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In a linear time-invariant (stationary) filter
the output *g*(*t*) is related to the input *h*(*t*) by the convolution
where *a*(*t*) is the impulse response of the filter. In order to extend
the applicability of this simple expression for the response of a
non-stationary filter, we could replace in the previous
equation with the more general expression , indicating that the
impulse response itself is now a function of the input time . This
expression, however, is too general and gives little insight into what
the response of such a time-variant filter would be. Margrave,
Margrave (1998) propose to
maintain the convolutional nature of the impulse response by adding an
explicit time dependence to it, that is, replacing with
either (convolution) or (combination). The
formal definitions of non-stationary convolution and combination are,
respectively Margrave (1998)
| |
(1) |

| (2) |

These equations are clearly straightforward extensions of the stationary
convolution concept. The introduction of the second index accounts for
the non-stationarity. Comparing the two equations we see that the difference
between non-stationary convolution and combination lies in the way the
impulse responses are considered in the convolutional matrix. In non-stationary
convolution the filter impulse responses (as a function of input time )correspond to the columns of the matrix, whereas in the non-stationary
convolution case they correspond (as a function of the output time *t*) to the
rows of the matrix (time reversed).
Just as with stationary filtering, it is convenient to find equivalent
expressions in the frequency domain. These expressions are Margrave (1998)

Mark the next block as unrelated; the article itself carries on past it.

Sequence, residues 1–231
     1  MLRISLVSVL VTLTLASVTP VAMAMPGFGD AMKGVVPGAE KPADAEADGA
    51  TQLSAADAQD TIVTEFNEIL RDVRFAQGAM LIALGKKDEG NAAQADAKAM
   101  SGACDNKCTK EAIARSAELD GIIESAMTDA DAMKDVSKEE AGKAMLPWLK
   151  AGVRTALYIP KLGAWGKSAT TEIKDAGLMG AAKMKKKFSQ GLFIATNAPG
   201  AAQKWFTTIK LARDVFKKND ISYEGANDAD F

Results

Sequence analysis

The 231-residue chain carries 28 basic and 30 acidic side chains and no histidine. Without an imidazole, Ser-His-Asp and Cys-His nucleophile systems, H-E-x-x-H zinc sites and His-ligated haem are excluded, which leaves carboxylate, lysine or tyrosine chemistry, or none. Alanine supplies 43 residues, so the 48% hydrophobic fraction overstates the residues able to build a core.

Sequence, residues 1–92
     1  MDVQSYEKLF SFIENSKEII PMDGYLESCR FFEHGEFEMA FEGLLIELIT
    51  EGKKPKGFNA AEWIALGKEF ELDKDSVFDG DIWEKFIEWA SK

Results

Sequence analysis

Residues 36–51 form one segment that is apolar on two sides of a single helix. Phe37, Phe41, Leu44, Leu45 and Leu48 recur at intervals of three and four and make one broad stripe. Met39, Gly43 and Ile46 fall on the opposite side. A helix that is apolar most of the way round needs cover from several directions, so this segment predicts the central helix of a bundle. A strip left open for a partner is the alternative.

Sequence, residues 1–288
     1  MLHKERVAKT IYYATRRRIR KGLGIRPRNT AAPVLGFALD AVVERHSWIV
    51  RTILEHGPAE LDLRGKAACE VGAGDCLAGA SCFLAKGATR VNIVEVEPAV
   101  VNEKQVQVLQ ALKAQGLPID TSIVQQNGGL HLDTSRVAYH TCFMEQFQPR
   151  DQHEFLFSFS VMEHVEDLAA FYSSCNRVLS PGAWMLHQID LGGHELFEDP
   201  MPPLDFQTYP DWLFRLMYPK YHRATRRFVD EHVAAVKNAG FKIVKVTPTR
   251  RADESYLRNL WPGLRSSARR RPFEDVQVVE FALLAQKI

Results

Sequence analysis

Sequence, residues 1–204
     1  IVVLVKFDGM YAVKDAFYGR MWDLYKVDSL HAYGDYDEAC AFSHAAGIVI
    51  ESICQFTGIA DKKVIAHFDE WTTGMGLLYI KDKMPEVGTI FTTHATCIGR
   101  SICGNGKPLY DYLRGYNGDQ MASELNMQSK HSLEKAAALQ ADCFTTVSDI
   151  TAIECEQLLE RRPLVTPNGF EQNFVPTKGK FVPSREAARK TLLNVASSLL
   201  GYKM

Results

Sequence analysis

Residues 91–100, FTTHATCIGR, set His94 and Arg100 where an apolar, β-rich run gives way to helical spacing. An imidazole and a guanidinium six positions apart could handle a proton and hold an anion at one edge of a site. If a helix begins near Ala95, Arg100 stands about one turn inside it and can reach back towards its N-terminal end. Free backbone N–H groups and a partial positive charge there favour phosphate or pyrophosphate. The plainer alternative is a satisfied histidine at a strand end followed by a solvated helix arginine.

| |
(3) |

| (4) |

where *f* and *F* are the Fourier duals of *t* and respectively and
*H*(*F*) and *G*(*f*) are the Fourier transforms of and *g*(*t*).
It is interesting to notice from these equations that non-stationary
convolution in time domain translates into non-stationary combination in the
frequency domain and vice versa. This is as opposed to the stationary case
in which convolution in time domain corresponds to multiplication in the
frequency domain.
Since we now have two time indexes (*t* representing the filter
samples and to keep track of the sample index to which each filter
is applied), it is possible
to have a third domain of computation, the so-called mixed domain in which
the impulse response of the filters in the convolutional matrix are replaced
with their corresponding frequency spectra. The equations to apply
non-stationary filtering in the mixed domain are slow generalized Fourier
transforms given by Margrave (1998)

| |
(5) |

| (6) |

where is the so-called non-stationary transfer function which
is the basic matrix in which the horizontal axis is time and the vertical axis
is frequency (an example of this matrix will be given below). The transfer
function is given by
| |
(7) |

where *a*(*u*,*v*) is the matrix of impulse responses, that is, the matrix with
as its horizontal axis and *t* as its vertical axis (again, an example
will be shown below).

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Stanford Exploration Project

6/8/2002